Another area that may cause some confusion, is the difference between division 40 deprecation on plant and equipment and Division 43 capital works allowance or building write off.

Division 40

Division 40 relates to removable fixtures and fittings within an investment property. Each item is treated separately on a depreciation schedule, with a different effective life as mentioned above. Division 40 often includes ovens, hot water system, carpet, blinds etc.

Division 43

Division 43 capital works allowance covers structural elements of a building and items within the rental property that are irremovable. This may include things such as foundations, walls, ceiling, toilets, built in cupboards, windows, doors etc. Division 43 capital works allowance can be claimed at a rate of 2.5% over 40 years or 4% of a properties historical construction costs or estimated costs that can be claimed. The estimated costs are assessed by professionals such as a quantity surveyor. Many clients choose to engage a quantity surveyor to assess their residential rental property and prepare rental depreciation schedules that outline the appropriate tax deductions on a yearly basis.

Ultimately, both the Division 43 capital works allowance and Division 40 depreciation on plant and equipment will impact the cost base of the rental property when the rental property is sold. The amount of depreciation that has been claimed on the tax returns over the time of owning the rental property will reduce the cost base of the rental property. The depreciation and capital works allowance claimed will be added together and subtracted the cost base of the rental property. This will add to the capital gain when the rental property is eventually disposed of.

The key distinguishing factors between Division 40 and Division 43, is that Division 40 assets depreciate faster and consist of removable assets to the property. While, in comparison Division 43 assets are depreciated slower and are irremovable from the property.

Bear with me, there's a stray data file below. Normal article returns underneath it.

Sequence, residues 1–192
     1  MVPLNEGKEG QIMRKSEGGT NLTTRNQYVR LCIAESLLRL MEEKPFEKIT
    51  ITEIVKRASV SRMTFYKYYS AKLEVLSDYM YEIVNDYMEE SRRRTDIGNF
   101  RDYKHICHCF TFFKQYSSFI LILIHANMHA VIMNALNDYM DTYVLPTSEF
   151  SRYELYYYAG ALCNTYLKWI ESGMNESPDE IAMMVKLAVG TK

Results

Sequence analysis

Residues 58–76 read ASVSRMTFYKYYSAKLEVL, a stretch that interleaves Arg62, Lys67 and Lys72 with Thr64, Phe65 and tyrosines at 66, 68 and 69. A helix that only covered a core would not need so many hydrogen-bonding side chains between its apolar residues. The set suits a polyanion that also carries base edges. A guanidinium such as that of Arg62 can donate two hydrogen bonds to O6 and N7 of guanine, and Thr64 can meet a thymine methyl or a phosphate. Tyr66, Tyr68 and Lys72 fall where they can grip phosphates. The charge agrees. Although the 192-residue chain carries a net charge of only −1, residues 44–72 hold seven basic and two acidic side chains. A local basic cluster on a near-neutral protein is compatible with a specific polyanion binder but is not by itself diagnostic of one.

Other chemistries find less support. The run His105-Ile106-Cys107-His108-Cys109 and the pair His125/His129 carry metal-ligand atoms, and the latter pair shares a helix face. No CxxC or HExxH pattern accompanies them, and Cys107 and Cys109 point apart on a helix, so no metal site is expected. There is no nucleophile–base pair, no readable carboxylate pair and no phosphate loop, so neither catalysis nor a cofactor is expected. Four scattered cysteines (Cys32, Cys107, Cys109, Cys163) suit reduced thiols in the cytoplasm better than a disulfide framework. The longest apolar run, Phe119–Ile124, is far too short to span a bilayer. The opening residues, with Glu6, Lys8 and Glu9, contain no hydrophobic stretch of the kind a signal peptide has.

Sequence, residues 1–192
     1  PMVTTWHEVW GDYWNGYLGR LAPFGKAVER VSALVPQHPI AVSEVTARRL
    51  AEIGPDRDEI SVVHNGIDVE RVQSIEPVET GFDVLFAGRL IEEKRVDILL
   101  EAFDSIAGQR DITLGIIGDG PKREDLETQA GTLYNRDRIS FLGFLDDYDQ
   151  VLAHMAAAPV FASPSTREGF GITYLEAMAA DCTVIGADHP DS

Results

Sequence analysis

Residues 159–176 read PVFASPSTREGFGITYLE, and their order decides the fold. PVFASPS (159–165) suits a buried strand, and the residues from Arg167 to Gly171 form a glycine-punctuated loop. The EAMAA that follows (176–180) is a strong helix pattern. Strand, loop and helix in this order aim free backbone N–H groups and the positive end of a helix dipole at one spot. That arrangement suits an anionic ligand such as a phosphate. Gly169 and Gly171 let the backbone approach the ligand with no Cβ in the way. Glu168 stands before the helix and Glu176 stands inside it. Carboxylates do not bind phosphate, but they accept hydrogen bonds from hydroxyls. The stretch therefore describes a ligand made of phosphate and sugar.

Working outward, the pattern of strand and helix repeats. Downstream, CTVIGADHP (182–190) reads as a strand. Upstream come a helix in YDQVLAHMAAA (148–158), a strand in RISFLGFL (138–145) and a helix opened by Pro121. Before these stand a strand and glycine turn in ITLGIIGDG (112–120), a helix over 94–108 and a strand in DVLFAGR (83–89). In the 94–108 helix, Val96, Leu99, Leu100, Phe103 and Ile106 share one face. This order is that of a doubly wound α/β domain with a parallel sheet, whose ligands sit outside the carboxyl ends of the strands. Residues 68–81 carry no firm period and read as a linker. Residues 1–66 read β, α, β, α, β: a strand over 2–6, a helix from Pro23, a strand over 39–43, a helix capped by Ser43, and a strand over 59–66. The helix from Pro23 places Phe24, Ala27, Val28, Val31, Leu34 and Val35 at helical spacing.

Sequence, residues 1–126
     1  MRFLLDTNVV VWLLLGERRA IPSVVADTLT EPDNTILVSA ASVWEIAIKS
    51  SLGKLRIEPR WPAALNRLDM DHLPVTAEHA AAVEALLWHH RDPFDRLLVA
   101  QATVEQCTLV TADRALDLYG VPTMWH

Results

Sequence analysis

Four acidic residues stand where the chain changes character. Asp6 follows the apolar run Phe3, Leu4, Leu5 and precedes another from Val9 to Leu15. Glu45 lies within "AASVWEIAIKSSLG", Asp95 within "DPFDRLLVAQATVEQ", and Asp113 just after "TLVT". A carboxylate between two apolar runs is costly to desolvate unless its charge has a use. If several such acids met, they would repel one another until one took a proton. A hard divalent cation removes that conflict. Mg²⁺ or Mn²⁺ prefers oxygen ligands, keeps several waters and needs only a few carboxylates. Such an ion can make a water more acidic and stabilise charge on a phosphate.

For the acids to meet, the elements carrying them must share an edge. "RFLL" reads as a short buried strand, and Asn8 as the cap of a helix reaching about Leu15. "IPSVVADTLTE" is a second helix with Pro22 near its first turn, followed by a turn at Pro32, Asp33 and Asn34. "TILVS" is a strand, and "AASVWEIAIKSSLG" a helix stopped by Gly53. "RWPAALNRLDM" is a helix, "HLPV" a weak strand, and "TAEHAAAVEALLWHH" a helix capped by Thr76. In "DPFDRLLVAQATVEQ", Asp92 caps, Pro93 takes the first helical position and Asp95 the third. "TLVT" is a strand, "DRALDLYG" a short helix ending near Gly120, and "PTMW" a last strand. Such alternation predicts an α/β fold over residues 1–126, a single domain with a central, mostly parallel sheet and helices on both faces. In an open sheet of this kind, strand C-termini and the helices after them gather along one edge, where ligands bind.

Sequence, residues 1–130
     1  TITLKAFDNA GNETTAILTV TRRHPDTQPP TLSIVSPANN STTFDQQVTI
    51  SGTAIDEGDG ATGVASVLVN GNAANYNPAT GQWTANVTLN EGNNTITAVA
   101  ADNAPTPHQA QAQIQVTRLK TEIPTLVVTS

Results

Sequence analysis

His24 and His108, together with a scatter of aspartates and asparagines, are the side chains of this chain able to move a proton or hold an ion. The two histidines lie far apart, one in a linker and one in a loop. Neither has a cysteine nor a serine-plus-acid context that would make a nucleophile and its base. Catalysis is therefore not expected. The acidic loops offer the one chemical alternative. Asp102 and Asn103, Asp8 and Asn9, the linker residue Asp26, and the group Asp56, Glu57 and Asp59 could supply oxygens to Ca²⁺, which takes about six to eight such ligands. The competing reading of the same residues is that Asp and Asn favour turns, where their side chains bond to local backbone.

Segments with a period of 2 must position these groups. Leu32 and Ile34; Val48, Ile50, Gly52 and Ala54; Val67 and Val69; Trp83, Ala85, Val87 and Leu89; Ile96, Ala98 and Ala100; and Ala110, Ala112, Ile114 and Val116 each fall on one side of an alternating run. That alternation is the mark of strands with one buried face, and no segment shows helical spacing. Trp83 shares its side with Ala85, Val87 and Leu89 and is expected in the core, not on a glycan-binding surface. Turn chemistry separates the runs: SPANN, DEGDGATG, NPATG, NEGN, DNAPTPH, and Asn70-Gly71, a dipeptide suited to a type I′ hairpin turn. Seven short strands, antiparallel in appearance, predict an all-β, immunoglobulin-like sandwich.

Repairs and maintenance or capital expenditure 

Determining if some costs are considered depreciable assets and depreciated over the effective life of the asset or if costs can be considered repairs and maintenance and deducted in full isn’t always clear.

Costs considered repairs and maintenance should have direct correlation with wear and tear or other damage that has occurred because of renting out your property. Rental repairs are often carried out when the property continues to be rented on an ongoing basis or the property remains available for rent. There is a short period when the property is unoccupied, for example, where unseasonable weather causes cancellations of bookings or advertising is unsuccessful in attracting tenants.

Summing up

When preparing a tax return regarding your rental property, there are many mistakes that can made due to the public misperceptions. It’s important to employ an accounting professional to ensure you’re complying with the most up to date regulations.

The Oracle accounting team can actively assist you with these common rental property misconceptions to claim the correct deductions on your tax return and ultimately give you the most tax effective outcome. Our advice will also allow you to make informed decisions when it comes to any upcoming expenditure on your rental property.

Get in touch with us today and book an appointment with an Oracle Accountant, to ensure you receive the most effective tax return.

Written by Jeremy Lee
Senior Accountant
Oracle Accounting Charlestown


Important information – Oracle Advisory Group makes no representation or warranties as to the accuracy or completeness of any statement in it including, without limitation, any forecasts. The information in this document is general information only and is not based on the objectives, financial situation or needs of any particular investor. An investor should, before making any investment decisions, consider the appropriateness of the information in this document, and seek their own professional advice. Past performance is not a reliable indicator of future performance. The information provided in the document is current as the time of publication.